[Market Eye] Hyundai Motor’s succession plan a headache to Hyundai Card

By Son Ji-hyoung

Should Hyundai Card leave Hyundai Motor, card issuer likely to face increased debt financing costs, experts say

  • Published : Sept 16, 2021 - 16:15
  • Updated : Sept 16, 2021 - 17:39

Hyundai Motor Group Chairman Chung Euisun (left) and Hyundai Card Vice Chairman Chung Tae-young (courtesy of respective companies)
With the independence of Hyundai Motor Group’s financial arms looking increasingly likely, concerns are growing that they will face higher debt financing costs as a result.

The prospects have been raised amid signs of governance restructuring for Hyundai Motor Group to allow a full-fledged family succession that would consolidate Chairman Chung Euisun’s control.

A carve-out of financial arms is essential to Hyundai Motor Group’s transformation into a holding firm under Korea’s antitrust rules. The Korean law describes the doctrine of separation of industrial and financial capital, banning a nonfinancial conglomerate with a holding company structure from owning a stake in a financial services company.

But a separation might raise the cost of debt financing at home and abroad for Hyundai Motor’s financial affiliates.

The credit ratings of Hyundai Card and Hyundai Capital -- the key factor to determine the credit quality and debt financing cost -- depend strongly on institutional support from the group’s flagship carmaker Hyundai Motor.

Hyundai Card is a consumer finance firm, while Hyundai Capital Services is dedicated to auto financing.

The two firms’ credit ratings for senior debts by Korean credit rating agencies -- Nice Investors Service, Korea Investors Service and Korea Ratings -- were downgraded in late 2019 from AA+ to AA, in tandem with the downgrading of Hyundai Motor and Kia. Hyundai Card and Hyundai Capital’s ratings have yet to recover.

Global credit rating agency Fitch Ratings has given Hyundai Card a BBB rating and Hyundai Capital a BBB+ rating since 2012. But its analysts say that the financial arms’ independence from the conglomerate might lead to a reassessment.

“Our view of the parent’s high propensity to support Hyundai Card is driven by the card operator’s close linkages to the group,” said Matt Choi, director of APAC banks at Fitch Ratings.

Choi added that Fitch forecast the group’s controlling ownership of Hyundai Card to continue for at least over the next 18 months.

“Should the group’s ownership be reduced noticeably for whatever reason, we would reassess its linkages to the group to decide whether the parent’s propensity to support has indeed reduced,” he said.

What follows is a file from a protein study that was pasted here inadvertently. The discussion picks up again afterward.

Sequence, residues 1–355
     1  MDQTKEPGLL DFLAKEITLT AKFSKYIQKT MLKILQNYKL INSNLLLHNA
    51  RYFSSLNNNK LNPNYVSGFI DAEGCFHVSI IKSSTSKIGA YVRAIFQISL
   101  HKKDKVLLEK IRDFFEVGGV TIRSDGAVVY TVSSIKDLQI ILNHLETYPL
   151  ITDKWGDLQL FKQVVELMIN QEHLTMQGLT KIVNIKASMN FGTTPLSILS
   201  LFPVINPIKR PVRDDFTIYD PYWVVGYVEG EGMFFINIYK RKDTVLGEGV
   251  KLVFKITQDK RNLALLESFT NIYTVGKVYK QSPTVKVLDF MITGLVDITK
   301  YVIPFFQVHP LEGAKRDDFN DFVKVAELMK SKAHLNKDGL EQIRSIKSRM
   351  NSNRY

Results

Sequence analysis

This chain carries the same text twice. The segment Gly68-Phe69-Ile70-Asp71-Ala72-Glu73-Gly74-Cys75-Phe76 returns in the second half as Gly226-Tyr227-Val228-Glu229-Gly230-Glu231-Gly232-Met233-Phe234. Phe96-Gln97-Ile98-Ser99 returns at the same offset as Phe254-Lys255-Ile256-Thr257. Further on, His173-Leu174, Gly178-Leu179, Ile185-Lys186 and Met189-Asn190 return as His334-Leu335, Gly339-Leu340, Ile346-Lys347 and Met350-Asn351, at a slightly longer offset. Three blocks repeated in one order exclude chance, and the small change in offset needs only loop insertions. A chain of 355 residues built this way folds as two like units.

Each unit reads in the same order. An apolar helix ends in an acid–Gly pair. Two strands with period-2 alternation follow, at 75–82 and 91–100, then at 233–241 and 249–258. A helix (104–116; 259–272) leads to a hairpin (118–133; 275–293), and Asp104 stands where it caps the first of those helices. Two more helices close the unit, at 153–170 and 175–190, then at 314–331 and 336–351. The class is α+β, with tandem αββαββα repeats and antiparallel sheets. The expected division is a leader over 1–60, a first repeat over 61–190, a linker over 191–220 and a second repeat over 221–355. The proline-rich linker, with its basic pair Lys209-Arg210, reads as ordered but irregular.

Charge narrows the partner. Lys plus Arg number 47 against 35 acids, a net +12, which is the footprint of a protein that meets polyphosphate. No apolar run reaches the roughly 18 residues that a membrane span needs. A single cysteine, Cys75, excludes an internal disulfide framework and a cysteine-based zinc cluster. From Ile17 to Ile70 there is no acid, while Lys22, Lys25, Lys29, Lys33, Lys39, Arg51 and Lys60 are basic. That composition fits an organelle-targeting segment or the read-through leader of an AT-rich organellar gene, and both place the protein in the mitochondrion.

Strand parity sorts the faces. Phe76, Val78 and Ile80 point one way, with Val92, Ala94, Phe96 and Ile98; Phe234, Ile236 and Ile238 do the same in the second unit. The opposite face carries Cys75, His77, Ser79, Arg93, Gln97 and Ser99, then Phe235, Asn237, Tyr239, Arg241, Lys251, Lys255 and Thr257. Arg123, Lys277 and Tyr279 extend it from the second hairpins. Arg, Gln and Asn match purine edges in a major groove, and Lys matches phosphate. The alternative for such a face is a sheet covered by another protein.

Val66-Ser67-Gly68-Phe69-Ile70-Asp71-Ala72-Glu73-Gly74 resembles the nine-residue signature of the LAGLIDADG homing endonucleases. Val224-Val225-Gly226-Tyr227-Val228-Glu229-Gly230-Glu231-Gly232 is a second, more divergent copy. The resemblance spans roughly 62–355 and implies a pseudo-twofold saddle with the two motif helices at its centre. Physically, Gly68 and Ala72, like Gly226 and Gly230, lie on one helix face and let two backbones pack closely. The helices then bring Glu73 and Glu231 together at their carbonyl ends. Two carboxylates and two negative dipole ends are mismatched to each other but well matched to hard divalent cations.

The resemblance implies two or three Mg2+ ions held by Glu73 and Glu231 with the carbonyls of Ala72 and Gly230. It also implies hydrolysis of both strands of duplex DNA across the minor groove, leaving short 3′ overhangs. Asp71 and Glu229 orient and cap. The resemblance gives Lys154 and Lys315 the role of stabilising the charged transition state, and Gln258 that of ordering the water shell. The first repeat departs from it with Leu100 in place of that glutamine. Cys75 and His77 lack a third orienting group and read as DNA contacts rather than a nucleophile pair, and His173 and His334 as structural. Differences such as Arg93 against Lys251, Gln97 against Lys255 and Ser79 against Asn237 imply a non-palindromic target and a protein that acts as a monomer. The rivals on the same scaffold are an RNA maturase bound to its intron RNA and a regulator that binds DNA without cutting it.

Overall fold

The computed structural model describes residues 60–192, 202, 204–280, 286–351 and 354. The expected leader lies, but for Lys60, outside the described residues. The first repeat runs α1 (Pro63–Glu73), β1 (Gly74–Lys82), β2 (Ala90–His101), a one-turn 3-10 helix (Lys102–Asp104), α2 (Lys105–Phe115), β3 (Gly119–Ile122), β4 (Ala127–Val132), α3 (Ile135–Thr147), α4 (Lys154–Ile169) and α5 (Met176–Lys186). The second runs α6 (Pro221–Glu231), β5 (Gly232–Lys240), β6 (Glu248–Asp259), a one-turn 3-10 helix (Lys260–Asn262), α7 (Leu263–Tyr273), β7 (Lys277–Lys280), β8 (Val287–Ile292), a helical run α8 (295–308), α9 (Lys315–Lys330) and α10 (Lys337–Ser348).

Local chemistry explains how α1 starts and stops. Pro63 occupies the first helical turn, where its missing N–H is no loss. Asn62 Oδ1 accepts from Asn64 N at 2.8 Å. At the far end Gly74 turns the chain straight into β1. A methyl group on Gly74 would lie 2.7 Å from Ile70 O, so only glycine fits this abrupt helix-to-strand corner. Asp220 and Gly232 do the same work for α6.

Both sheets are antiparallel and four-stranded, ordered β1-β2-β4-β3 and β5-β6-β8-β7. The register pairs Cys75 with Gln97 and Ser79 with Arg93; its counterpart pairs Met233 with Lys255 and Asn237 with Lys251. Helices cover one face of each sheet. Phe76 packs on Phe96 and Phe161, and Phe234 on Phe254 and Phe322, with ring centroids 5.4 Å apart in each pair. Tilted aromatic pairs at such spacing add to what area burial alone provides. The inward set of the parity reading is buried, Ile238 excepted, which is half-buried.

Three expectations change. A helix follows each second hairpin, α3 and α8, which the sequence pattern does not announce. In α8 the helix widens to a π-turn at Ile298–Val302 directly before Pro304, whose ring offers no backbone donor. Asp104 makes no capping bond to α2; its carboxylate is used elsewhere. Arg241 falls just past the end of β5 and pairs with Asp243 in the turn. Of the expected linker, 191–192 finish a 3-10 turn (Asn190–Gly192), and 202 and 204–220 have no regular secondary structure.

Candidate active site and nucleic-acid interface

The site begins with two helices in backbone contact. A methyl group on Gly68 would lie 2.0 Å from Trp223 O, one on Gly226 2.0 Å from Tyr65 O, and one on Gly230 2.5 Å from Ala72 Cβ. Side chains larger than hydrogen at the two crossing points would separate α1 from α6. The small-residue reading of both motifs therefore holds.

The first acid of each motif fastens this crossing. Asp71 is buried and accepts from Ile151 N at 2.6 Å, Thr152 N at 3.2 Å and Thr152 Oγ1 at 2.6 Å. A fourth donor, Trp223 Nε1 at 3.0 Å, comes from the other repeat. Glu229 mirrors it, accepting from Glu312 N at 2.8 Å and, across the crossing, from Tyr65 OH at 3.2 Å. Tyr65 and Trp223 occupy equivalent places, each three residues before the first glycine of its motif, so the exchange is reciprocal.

The total amount of financing of Hyundai Card came to 14.9 trillion won ($12.7 billion) as of end-June, with the domestic financing amounting to some 90 percent, according to the company. Hyundai Capital’s stood at 27.4 trillion won.

The Hyundai Motor chairman is seen to be laying the groundwork to take control of the auto-to-construction conglomerate. At the same time, the group is seeking to resolve the circular cross-shareholding structure to boost transparency, in a restructuring drive that was first announced in 2018.

One of the examples is Hyundai Engineering’s imminent initial public offering, at which the company hopes to target 10 trillion won in equity value. This is regarded as a way for Hyundai Motor Group Chairman Chung to secure cash, with the proceeds likely to be used to increase his stake in what could be the group’s holding company, or to pay taxes that would arise from changes of ownership, such as gift tax.

Chung owns an 11.72 percent stake in Hyundai Engineering, with other stakes held by Hyundai Engineering & Construction, Hyundai Glovis, Kia and Hyundai Mobis.

Hyundai Engineering has yet to apply for the market debut to the stock bourse operator, the Korea Exchange.

Governance restructuring is also underway within Hyundai Motor’s financial arms, including a consolidation of Vice Chairman Chung Tae-young’s management influence over companies he and his wife Chung Myung-yi have stakes in -- corporate financing arm Hyundai Commercial.

The brother-in-law of Hyundai Motor Group Chairman Chung offered to step down earlier in September from Hyundai Capital, and pledged to focus on two other affiliates -- Hyundai Commercial and Hyundai Card.

Chung and his wife Chung own a combined 37.5 percent in Hyundai Commercial, and Hyundai Commercial holds some 30 percent in Hyundai Card.

In the meantime, the credit industry’s subdued growth in Korea is putting Hyundai Card’s IPO plan in disarray, as the company said it has no plan to conduct an IPO in the wake of a change of its shareholders to Taiwan-based Fubon.

Hyundai Card has declined to comment on the implications of Chung’s retirement from the Hyundai Capital post or the group’s family succession plan.

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